By Renee HoFebruary 23, 2016

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Last Thursday, Feedback Labs hosted a two-hour discussion to understand how organizations propose to try-out feedback loops. Six presentations were made as part of the application process to Feedback Labs’ Collaboration Fund.
Here’s a summary of their ideas:

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Can patient feedback improve care for patients in the United Kingdom living with long-term conditions (LTC)?
Osca, SIMLab, and Year of Care are interested in finding out. Year of Care is a UK-wide approach to improve LTC care and empower patients. But right now, it doesn’t systematically collect patient feedback. This experiment proposes asking patients for feedback at various points of care over three months, using SMS text messages.

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Are individuals living in Monrovia more likely to provide phone-based feedback with interactive voice response (IVR) over text-based SMS?
IVR may be easier to use, particularly if there are low levels of literacy. Accountability Lab and VOTO Mobile propose finding out by getting feedback from citizens in Logan Town who use the dispute resolution services of a local CSO.

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Will specific feedback funding and technical support to organizations increase the use of feedback loops in the development sector?
GlobalGiving is an online crowdfunding platform that works with nonprofits throughout the world. It is interested in helping these organizations introduce feedback systems with their constituent groups. GlobalGiving would then analyze how the organizations think about and use feedback.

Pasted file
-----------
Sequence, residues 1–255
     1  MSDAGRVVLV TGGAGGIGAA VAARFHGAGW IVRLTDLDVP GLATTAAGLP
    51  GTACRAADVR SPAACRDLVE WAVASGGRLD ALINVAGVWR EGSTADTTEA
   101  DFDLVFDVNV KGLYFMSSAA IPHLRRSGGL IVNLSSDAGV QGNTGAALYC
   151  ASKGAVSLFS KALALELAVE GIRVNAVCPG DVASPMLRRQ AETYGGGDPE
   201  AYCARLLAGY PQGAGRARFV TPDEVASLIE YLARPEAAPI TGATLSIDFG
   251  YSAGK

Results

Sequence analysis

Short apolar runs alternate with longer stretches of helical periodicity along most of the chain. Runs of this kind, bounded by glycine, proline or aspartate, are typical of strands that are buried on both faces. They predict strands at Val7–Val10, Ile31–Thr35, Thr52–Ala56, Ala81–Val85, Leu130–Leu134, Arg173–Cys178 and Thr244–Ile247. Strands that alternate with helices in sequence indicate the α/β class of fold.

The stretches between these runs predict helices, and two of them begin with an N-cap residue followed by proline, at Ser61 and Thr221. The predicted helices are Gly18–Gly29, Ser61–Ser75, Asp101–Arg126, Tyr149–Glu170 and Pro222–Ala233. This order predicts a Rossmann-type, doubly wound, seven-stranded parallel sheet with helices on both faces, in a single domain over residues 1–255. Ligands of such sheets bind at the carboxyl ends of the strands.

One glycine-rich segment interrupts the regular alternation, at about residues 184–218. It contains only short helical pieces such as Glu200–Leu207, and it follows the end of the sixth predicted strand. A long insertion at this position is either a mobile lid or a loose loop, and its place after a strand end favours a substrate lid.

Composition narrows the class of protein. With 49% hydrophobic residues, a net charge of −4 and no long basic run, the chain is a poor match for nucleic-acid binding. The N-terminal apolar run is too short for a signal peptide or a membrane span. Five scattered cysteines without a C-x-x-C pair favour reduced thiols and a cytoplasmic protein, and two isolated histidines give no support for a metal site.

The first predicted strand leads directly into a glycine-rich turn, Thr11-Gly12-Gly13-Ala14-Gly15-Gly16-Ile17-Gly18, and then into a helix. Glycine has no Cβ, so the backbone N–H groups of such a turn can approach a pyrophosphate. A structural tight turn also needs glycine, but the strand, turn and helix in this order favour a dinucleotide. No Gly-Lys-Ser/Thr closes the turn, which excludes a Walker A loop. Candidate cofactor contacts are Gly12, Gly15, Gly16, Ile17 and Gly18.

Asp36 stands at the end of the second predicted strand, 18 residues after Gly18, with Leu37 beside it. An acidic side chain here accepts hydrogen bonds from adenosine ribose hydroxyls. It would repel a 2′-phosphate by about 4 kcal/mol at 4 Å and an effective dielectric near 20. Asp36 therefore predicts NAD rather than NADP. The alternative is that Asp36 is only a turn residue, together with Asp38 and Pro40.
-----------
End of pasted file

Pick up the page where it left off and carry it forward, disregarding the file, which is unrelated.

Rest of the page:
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Can improved documentation, analysis, and reporting of community feedback improve the perception and use of feedback by program managers?
CDA Collaborative and Catholic Relief Services are interested in working together in Haiti to help answer this question. Currently, feedback is seen as “anecdotal” and therefore insufficient. The proposed project would be integrated with an agricultural project (cocoa production) in Haiti’s Grand’Anse region.

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Can getting feedback from parents, students, and teachers help schools design better programs that improve learning outcomes?
Results for Development (R4D) propose testing this with the Rising Academy Network (RAN). RAN operates a chain of low-cost private schools in Sierra Leone. R4D would use qualitative case study design and act as a “participant researcher” to observe the role of feedback in shaping the schools’ programmatic choices.

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Are people more likely to respond to a survey if it is presented on a familiar technology platform—the same that they use to engage the regular services of an organization?
FrontlineSMS is interested in testing this question with nonprofits from the GlobalGiving network. They hypothesize that yes, a person is more likely to respond to a nonprofit’s SMS survey if it has engaged with that nonprofit using SMS before.

A big thank you to our applicants and jurors—in Washington, D.C. and dialing in from the United Kingdom, France, Haiti, Kenya, Sierra Leone, and various other cities in the United States.

Everyone’s openness to learning, sharing, and being at the vanguard is what continues to grow the exciting feedback movement!

 

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